Having the Peace Cairn as the location for the ritual was serendipitous. Or maybe not. The Cairn was offered as EarthSpirit's gift to the 1999 Council for the Parliament of the World's Religions in answer to the challenge offered there --- what were we going to do when the Parliament was over, what actions were we going to take in the world? Since then, the Cairn has grown from just a few stones to a mound; a Peace Pole was donated several years later with the words "May peace prevail on Earth" in four languages, one on each side. They are English, Gaelic, a Native American language and Pawprints, honoring those whose spirits dwell here. Visitors to the EarthSpirit Center are encouraged to bring stones for the Cairn: stones from their own land, stones from their travels. The stones that are brought to the Cairn create a web of connection to the places they have come from, and are blessed and nourished in many ways. The Deep Peace ritual is one way of sending our intentions back out through that web and into the world.
Some years the ritual is small --- a handful of women --- and some years it is bigger. The last few years, we have deepened the event by including Stand for Peace, sponsored by Julia's Voice, a group of "mothers and others" also working to "Take Back Mother's Day and honor Julia Ward Howe", and thus expanding the energy going out through that web as well.
One notable year, we had several pairs of mothers and daughters and I was moved to tears when I asked Lucia, Deirdre's mother and the oldest woman present, to start the lineage naming. It fed a need for multi-generational sharing that I did not know I contained. Every year brings a challenge, an answer, no small amount of camaraderie and joy, and, of course, delicious food sharing at the end.
My wish for this year is that others also begin to create Deep Peace moments wherever they are on Mother's Day in addition to any traditional celebrations; take some time for yourself, connect to the Deep Peace ritual, connect to the Stand for Peace event, open to what will bring you peace in the coming year, and feel the strength of our power and intent. "Arise, the women of this day! Arise all women who have hearts…"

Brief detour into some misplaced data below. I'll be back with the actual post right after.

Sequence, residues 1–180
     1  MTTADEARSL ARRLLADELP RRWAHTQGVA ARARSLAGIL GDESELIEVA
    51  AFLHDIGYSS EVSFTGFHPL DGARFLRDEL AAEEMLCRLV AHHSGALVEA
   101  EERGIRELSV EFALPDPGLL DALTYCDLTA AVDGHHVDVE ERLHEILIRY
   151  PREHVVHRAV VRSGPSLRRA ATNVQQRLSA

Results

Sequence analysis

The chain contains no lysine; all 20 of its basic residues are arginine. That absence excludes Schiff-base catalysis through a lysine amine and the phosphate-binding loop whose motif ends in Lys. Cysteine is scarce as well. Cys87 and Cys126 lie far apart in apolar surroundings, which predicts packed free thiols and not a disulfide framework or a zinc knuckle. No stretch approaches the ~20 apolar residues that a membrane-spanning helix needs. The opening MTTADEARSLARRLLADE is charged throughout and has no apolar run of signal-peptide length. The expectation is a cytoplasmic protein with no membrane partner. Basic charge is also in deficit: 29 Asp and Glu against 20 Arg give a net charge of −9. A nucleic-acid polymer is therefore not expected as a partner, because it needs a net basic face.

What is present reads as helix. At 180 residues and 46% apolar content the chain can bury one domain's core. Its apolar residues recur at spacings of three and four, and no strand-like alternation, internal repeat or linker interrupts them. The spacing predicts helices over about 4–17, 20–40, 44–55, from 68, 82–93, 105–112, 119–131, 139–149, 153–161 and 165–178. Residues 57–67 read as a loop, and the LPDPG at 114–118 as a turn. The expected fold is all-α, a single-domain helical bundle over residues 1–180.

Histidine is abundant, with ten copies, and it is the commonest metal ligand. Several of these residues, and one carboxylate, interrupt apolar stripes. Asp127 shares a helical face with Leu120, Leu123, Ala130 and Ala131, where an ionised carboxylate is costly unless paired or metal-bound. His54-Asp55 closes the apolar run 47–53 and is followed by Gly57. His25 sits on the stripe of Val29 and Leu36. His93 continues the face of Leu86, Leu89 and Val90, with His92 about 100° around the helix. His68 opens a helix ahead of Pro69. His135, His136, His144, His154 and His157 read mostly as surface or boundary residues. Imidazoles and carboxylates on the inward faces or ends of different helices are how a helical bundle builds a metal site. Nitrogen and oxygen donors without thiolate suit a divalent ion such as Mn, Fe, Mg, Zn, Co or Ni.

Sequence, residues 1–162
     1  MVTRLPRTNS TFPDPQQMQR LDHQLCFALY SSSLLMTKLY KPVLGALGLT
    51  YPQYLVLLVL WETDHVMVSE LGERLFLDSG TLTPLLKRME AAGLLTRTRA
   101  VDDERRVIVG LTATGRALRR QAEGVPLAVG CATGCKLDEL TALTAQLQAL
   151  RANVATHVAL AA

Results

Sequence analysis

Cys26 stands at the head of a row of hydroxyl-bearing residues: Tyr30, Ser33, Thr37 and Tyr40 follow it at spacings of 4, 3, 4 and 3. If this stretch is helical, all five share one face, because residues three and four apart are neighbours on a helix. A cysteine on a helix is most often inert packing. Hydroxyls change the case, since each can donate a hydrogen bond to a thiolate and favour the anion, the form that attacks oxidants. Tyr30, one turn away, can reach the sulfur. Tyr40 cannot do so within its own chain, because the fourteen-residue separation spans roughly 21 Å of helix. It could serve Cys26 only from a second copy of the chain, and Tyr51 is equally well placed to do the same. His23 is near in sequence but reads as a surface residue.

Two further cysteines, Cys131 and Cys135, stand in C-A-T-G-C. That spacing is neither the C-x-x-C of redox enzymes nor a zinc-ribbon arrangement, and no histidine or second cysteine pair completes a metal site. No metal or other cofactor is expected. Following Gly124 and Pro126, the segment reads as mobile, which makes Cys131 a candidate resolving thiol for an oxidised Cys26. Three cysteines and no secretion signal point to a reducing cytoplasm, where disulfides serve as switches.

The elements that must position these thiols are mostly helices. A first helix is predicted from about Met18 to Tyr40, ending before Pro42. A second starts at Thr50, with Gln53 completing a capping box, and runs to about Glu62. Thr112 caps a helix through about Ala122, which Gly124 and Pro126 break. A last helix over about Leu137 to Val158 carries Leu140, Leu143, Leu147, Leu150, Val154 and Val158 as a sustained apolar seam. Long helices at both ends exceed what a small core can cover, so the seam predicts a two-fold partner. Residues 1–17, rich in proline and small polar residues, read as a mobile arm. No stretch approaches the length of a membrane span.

Mother's Day Proclamation, by Julia Ward Howe, 1870
Arise, the women of this day!
Arise all women who have hearts, whether your baptism be that of water or of fears!
Say firmly: "We will not have great questions decided by irrelevant agencies.
Our husbands shall not come to us reeking with carnage, for caresses and applause. Our sons shall not be taken from us to unlearn all that we have been able to teach them of charity, mercy and patience. We women of one country will be too tender of those of another country to allow our sons to be trained to injure theirs."
From the bosom of the devastated earth a voice goes up with our own. It says, "Disarm, disarm! The sword of murder is not the balance of justice!" Blood does not wipe out dishonor nor violence indicate possession. As great men have often forsaken the plow and the anvil at the summons of war, let women now leave all that may be left of home for a great and earnest day of counsel.
Let them meet first, as women, to bewail and commemorate the dead.
Let them solemnly take counsel with each other as the means whereby the great human family can live in peace, and each bearing after her own time the sacred impress, not of Caesar, but of God.
In the name of womanhood and humanity, I earnestly ask
That a general congress of women without limit of nationality
May be appointed and held at someplace deemed most convenient
And at the earliest period consistent with its objects,
To promote the alliance of the different nationalities,
The amicable settlement of international questions,
The great and general interests of peace.
*(Deep Peace chant, at top, © Copper Fox)